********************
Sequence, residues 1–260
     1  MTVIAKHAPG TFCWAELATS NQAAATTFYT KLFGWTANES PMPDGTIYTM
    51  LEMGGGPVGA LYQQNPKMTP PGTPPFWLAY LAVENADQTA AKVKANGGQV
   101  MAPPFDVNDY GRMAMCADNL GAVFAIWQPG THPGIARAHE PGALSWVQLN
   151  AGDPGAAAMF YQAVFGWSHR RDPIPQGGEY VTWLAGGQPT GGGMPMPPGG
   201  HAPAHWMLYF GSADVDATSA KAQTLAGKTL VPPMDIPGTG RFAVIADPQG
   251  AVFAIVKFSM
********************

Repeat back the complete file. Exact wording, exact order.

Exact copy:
Sequence, residues 1–260
     1  MTVIAKHAPG TFCWAELATS NQAAATTFYT KLFGWTANES PMPDGTIYTM
    51  LEMGGGPVGA LYQQNPKMTP PGTPPFWLAY LAVENADQTA AKVKANGGQV
   101  MAPPFDVNDY GRMAMCADNL GAVFAIWQPG THPGIARAHE PGALSWVQLN
   151  AGDPGAAAMF YQAVFGWSHR RDPIPQGGEY VTWLAGGQPT GGGMPMPPGG
   201  HAPAHWMLYF GSADVDATSA KAQTLAGKTL VPPMDIPGTG RFAVIADPQG
   251  AVFAIVKFSM